Recommended reading


I tire easily, PTSD can feel like you are running through a battlefield, so much sudden noise and constant stimulations that the heightened startle response is always in the on position. Not only do I have to contend with this, but I am also always on guard for some sort of emergency, part firefighter conditioning, mostly designed so that I can avoid potential death destruction. I don't think I manage another critical incident.


This tendency to be easily exhausted has been known to exacerbate my depression. I was once so full of energy and could take on the world, I loved being busy. Now with fatigue setting in so much sooner, I feel like a burden and rather useless. I do my best to shake these thoughts from my head and remind myself that I am no different than someone else who is sick. Sick people tend to tire easily.

As I continue down my road to mental wellness I remind myself to cut myself some slack. My life might not be what it used to be but nonetheless, I am still alive and because of this fact, I will get to where I need to be.

So, If this sounds like you, keeping going but rest when you need to, you may not be able to do what you once were able to do, but you can still do great things.




Want help fund my book? donate: GOFundMe - The Road To Mental Wellness - The book


You may also enjoy: Slowly Walking My Way To Mental Wellness.


Facebook: facebook.com/TRTMW


Email: [email protected]


Check out my friend's blog here: anewdawnaa.com





Tuesday, 20 August 2019

My PTSD: earned with distinction

My PTSD: earned with distinction



The wider world around us is rich with the potential for danger and destruction and like an animal in the wild, I am on constant high alert. Although my fire service years are far behind me now, they are far from a distant memory and the emergency service mindset is a sharp as it was the day, I turned in my bunker gear.

Our minds, like firefighters, are wired to think of every possible disaster and how to mitigate them, my anxiety disorder was a bonus skill in the fire service because, by its very nature, it created a worst-case scenario thinker out of me. I thought of every angle, all the things that could go wrong and ways to minimize them.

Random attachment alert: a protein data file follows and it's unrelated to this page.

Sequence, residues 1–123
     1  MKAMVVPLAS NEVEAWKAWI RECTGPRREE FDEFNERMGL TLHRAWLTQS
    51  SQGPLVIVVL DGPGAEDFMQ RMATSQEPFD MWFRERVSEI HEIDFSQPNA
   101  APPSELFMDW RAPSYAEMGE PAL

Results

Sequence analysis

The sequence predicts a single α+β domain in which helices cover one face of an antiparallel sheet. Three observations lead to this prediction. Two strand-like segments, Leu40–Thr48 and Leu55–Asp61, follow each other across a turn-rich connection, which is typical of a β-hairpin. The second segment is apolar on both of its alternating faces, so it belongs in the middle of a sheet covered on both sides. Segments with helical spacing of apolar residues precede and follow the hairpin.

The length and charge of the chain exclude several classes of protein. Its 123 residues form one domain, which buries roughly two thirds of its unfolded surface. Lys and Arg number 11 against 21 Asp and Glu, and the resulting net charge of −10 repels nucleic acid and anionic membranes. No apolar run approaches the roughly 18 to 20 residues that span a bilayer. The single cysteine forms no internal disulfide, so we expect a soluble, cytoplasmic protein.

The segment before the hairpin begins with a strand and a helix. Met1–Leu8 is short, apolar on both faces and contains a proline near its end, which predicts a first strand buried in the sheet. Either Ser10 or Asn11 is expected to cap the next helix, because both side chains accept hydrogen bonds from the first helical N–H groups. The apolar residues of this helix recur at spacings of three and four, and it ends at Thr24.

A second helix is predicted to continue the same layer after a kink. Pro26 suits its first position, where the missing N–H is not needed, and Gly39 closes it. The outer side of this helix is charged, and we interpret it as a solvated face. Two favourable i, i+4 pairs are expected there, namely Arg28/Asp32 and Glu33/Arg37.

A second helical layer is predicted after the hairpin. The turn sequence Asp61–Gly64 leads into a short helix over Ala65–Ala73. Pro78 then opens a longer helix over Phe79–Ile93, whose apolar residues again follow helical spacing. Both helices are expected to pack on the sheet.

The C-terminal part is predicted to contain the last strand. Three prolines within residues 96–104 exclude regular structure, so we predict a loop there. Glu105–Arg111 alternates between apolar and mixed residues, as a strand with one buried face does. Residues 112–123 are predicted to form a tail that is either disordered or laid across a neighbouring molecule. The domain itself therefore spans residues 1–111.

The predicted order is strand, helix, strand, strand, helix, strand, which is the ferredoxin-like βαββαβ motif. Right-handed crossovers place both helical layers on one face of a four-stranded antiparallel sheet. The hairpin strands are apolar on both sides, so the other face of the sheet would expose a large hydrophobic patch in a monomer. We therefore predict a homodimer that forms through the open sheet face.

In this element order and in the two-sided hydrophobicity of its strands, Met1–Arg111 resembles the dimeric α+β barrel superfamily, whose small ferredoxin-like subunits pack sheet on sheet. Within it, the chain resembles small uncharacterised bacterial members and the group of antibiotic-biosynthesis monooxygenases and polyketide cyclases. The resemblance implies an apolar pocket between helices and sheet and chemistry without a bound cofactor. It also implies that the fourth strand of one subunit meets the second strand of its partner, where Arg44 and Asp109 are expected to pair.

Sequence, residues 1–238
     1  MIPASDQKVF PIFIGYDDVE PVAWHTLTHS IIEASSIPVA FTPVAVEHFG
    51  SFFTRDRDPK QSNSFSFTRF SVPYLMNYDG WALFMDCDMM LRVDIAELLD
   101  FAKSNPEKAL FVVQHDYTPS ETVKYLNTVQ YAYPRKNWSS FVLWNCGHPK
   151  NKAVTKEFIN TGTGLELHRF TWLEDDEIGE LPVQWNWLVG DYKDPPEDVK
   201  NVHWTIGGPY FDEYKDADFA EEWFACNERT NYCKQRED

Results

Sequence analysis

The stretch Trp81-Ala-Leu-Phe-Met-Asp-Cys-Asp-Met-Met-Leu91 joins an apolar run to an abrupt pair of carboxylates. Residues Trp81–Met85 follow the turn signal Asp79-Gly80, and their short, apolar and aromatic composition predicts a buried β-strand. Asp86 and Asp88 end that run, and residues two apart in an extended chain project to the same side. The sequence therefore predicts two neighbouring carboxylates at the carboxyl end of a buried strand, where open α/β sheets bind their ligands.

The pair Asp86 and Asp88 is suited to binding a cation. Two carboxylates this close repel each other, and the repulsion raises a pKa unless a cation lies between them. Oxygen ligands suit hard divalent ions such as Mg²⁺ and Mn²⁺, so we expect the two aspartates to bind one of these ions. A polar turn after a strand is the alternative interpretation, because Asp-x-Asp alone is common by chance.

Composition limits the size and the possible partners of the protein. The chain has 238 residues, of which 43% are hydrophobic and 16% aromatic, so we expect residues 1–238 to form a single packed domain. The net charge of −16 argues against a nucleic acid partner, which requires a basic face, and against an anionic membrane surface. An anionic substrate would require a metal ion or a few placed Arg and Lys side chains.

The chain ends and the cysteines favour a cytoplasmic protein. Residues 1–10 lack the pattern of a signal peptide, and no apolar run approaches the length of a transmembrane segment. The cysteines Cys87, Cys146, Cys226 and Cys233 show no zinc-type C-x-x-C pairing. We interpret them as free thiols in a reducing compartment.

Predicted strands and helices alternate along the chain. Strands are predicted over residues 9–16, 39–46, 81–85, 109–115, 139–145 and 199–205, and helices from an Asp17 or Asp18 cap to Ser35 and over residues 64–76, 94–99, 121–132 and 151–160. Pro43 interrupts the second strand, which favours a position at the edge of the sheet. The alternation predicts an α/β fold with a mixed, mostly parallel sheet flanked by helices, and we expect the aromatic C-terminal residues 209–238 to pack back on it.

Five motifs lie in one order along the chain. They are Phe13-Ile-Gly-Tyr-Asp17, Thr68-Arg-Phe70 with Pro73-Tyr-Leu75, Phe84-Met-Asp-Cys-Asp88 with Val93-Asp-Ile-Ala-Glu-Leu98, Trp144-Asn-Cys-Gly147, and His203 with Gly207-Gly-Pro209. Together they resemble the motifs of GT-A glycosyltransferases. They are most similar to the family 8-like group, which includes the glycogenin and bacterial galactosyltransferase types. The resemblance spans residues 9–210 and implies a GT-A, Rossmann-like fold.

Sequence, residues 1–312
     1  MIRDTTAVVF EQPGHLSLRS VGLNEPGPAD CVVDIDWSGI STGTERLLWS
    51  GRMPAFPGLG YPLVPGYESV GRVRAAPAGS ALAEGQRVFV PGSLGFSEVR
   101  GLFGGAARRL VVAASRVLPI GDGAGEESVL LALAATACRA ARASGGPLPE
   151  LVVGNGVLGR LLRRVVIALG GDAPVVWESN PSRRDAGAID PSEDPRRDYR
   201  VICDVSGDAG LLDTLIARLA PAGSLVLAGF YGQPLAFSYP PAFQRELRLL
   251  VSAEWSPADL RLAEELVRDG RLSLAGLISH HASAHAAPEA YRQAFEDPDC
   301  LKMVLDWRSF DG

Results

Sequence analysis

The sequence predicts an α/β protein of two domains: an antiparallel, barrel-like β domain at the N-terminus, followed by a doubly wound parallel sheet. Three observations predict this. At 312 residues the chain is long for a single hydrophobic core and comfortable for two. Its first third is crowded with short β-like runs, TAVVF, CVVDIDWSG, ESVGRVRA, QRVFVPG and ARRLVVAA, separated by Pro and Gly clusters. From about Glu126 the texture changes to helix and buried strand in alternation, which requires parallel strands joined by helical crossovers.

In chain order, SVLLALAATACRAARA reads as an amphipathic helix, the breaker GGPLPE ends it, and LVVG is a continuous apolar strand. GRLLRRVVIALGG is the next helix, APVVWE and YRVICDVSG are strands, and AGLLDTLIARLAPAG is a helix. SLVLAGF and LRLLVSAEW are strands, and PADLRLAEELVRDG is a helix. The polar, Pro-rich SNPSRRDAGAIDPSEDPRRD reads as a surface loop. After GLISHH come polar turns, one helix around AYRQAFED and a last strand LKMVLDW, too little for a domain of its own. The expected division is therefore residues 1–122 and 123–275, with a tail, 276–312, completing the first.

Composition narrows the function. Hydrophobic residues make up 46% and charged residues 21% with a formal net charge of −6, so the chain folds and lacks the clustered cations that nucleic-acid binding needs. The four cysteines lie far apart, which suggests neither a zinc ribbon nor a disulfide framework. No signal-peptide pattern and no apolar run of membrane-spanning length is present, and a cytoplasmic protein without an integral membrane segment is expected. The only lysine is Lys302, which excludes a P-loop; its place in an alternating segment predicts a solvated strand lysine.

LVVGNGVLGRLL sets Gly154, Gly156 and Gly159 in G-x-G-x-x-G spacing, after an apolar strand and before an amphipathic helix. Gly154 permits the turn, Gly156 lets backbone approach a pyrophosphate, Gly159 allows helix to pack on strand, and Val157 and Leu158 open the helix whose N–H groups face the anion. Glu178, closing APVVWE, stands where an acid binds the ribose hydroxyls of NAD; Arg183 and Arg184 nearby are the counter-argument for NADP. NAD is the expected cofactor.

But when my generalized anxiety disorder collided with post-traumatic stress, Its superpowers became toxic and slowly turned the fire service against my mental health., chipping away at my compassion and my desire to help and make a real difference. 

Because my anxiety never shuts off and PTSD is often times the driver of the rig, I can see now why I was destined to become a casualty of the EMS war; one too many battles both on the interior and on the fire ground/accident scene.


Now, years later, I am petrified that I will be sucked into someone else's emergency. I am scared because I know in my heart that I would not be able to cope with it. This fact saddens me because at my core I am a firefighter; I guess being disabled is something I have yet to grow accustomed to. I am learning that there is no shame in what I can not control. What I need to learn next is to somehow dull the fight, flight, freeze and emergency mindset.

With all that said, I gave the service my all and was determined to do everything I could to do my part to ease the pain and suffering of all those in need of help I am also a believer in leaving something better than when you found it, it was this mantra that drove me, I wanted to make positive changes around the station. One thing I was big on was safety and I worked hard to build accountability systems that would keep my brothers and sisters safer.


Shop all things firefighter related


So, do I regret my years in the fire service? I would have to say that even though I am on this hellish roller coaster ride of mental illness, I am proud of my years of service, my contribution to both my community and my department. As far as I am concerned, my PTSD was earned with distinction, in other words, I sacrificed my own well-being to help others and at the end of the day that has to mean something, right?


If you are struggling my friend, struggle no longer, there is help out there and other warriors just looking for someone who understands what they are going through. Get out of the service if you must, maybe the next person you need to save is yourself.

Want help fund my book? donate GOFundMe - The Road To Mental Wellness - The book.

Trauma Specialist, Dr. Jeffery Hosick: jeffreyhosick.com

You may also enjoy: The Mental Health Work Injury Called PTSD


Email: [email protected]

Facebook: facebook.com/TRTMW